The camel lurched onwards, its huge flat feet moving with ungainly grace. Renard clicked his tongue to Gorvenal. The stallion pranced, unsettled by the camel and by the press of humanity as from all sides they were assailed by the hot, ripe city. A beggar thrust a sore-encrusted arm beneath Renard’s nose and pleaded for a coin. Another showed him blind eye sockets and a mutilated nose, but he had heard and seen it all before and was too impatient and saddle-weary to feel anything beyond irritation. Four years in Outremer, he thought. Sometimes it seemed like forty. From the marcher hills of his birthplace to St Simeon in northern Syria, he had crossed not only oceans and mountain ranges, but the distance between childhood and maturity. He had been a restless young man of twenty three at the court of his grandfather, King Henry, when he had met Raymond of Poitiers, recognised a kindred spirit, and when Raymond had left for Outremer to become Prince of Antioch, Renard had taken the Cross and accompanied him. Renard’s mother and sister had wept, but his father, watching him with a shrewd gaze that missed nothing, said every man was entitled to sow wild oats providing he learned from their reaping. Renard supposed that somewhere along the way he must have learned. The restlessness still churned through him, but these days he was able to control the turbulence and apply it constructively.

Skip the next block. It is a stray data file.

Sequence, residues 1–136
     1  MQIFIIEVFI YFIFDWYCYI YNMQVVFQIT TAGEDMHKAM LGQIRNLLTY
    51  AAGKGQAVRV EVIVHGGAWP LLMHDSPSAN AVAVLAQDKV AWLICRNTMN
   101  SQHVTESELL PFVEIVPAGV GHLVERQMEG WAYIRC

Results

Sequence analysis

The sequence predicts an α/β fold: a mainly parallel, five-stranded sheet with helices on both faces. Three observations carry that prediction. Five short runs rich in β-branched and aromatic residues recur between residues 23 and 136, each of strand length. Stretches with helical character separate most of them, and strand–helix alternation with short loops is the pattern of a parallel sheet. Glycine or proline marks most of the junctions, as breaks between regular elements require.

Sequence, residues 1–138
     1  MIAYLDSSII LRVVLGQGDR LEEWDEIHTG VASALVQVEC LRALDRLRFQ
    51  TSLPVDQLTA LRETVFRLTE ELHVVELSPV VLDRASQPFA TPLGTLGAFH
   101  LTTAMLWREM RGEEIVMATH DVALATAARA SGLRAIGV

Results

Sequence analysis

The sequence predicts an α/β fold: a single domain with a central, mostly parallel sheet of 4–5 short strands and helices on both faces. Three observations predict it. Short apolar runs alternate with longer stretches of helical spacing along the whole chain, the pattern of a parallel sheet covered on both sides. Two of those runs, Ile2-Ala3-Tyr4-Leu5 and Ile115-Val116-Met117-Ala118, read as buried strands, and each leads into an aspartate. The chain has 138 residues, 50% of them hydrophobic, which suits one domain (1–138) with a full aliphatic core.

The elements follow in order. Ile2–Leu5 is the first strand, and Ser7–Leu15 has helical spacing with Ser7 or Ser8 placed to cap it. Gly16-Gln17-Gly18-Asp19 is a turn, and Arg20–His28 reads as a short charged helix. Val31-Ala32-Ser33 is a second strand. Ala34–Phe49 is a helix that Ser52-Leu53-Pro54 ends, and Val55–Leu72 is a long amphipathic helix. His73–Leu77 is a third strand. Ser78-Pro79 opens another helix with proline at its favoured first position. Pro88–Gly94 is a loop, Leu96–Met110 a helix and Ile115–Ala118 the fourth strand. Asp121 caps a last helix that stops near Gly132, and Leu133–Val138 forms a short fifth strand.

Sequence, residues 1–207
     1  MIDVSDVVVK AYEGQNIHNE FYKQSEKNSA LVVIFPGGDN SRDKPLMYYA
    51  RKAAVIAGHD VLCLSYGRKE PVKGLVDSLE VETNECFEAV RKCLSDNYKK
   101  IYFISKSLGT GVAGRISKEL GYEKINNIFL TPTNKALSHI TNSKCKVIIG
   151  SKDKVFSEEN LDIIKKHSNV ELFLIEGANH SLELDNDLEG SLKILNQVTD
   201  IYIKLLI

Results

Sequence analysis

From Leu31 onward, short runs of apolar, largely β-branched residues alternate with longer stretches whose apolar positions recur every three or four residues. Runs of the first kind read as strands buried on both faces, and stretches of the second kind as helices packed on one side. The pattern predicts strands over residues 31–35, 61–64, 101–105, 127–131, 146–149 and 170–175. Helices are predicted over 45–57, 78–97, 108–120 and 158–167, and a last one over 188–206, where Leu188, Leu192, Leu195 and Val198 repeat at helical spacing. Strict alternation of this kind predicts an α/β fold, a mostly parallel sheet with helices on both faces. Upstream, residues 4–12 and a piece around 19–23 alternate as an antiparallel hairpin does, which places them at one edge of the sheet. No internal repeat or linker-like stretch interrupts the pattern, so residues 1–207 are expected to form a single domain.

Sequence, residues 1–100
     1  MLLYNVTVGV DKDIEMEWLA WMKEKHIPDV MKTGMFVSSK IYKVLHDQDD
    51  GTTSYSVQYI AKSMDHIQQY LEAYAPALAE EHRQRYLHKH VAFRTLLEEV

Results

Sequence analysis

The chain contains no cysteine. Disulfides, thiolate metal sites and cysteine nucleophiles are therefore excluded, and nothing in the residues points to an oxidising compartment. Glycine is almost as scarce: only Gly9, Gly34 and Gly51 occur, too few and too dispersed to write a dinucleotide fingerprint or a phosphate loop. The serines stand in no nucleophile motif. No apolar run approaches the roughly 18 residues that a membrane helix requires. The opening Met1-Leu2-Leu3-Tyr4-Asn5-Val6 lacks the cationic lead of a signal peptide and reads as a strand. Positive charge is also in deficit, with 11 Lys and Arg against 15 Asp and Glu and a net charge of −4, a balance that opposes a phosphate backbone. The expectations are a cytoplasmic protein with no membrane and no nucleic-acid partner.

The camel squeezed past two laden donkeys and down an impossibly narrow side street in the direction of the souk. Renard sighed with relief and, relaxing in the saddle, started to view his surroundings in a slightly less jaundiced light. His house in the city, sited conveniently close to the palace, was built of white, sun-flashed stone around a cool courtyard with fig trees and a fountain. It had once belonged to an emir.